Chey Dunkley admits it’s high time Wigan Athletic address the alarming number of late goals being shipped - which is threatening to derail their season.
Latics have been sunk late in each of the last three matches, costing them four precious points.
Against both Derby and Swansea, they conceded stoppage-time goals – against the run of play – that won the game for the opposition.
And at Bristol City, they saw a much-needed away victory ripped from their clutches with just four minutes remaining.
Those four points would have lifted Latics four places in the Championship table, and incredibly within three points of the top 10.
And Dunkley acknowledges the Swansea setback was typical of the way things have been going.
“It’s heartbreaking, and it’s been the story of the season so far – conceding late and not taking our chances,” Dunkley told the Wigan Post.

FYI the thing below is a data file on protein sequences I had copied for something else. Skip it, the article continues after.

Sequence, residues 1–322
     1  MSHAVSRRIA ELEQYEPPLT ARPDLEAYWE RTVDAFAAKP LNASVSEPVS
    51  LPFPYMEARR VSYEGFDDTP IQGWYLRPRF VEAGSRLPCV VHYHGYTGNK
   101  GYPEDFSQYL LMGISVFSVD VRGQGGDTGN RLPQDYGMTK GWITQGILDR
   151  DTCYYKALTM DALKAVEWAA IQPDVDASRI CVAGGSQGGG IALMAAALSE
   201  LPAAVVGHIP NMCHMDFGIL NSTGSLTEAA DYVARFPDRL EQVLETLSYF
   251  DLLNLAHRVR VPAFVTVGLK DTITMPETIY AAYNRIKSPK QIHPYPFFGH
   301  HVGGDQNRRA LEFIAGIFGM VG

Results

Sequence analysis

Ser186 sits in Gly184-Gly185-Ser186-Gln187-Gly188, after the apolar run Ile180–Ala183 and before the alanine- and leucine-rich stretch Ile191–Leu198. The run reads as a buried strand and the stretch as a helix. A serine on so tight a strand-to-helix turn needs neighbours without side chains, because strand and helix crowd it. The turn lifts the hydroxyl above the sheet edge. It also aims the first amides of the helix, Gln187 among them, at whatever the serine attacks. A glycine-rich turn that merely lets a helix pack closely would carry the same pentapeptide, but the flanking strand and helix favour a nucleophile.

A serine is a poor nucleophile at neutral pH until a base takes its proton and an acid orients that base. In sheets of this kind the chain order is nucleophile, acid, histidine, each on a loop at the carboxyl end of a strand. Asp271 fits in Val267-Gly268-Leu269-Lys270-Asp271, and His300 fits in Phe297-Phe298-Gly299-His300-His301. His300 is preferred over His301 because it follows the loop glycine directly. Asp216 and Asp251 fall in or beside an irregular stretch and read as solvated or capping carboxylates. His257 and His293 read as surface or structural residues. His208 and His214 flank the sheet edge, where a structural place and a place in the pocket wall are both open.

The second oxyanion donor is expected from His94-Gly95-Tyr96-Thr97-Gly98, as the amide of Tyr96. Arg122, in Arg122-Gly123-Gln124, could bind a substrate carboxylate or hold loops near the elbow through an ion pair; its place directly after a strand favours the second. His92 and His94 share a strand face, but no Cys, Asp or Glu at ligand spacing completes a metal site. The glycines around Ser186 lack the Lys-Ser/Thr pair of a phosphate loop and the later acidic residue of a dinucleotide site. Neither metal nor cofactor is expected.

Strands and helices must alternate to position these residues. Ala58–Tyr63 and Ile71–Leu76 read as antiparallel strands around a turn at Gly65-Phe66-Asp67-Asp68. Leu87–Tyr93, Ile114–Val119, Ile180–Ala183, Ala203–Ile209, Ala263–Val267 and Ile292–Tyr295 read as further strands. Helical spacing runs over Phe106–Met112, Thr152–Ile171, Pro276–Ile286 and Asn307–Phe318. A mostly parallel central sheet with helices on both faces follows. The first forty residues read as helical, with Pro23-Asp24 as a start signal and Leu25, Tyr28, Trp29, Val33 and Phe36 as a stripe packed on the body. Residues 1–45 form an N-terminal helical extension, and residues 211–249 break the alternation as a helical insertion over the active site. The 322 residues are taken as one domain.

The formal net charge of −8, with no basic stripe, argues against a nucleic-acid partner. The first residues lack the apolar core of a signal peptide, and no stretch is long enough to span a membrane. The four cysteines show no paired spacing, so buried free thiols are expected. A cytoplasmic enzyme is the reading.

“It’s a collective thing...performance-wise, was it there again on Saturday (against Swansea)...I’d say it was.
“But we’ve feel on the wrong side of the sword again and it’s tough to take because we’re so good at home.
“Swansea went top with the win, and they’re a good side...a point against them would have been a good point.
“But we have to dust ourselves down, move on and get ready for Brentford next weekend.”
No-one’s being done more than Dunkley to help Latics out of their slump, with five goals to his name – no-one else has more than one to their name.
Even when not on the scoresheet against Swansea, his presence in the opposition box drew a foul, allowing Kieffer Moore to bag his first Latics goal from the spot.
“Like I say, it’s good to chip in where I can, and help the boys,” Dunkley added.
“But of course I’m a defender, and the main aim is to keep goals out at the other end.
“And it’s that situation we need to look at and address at the moment.
“But it’s not just about the defence, it’s about the whole team, and our approach.
“When you get into the last 10 minutes, the last five minutes, stoppage-time even...sometimes you’ve just got to take your point.
“We can’t always be open, and I think that’s something we have to learn as a group – and learn it quickly.”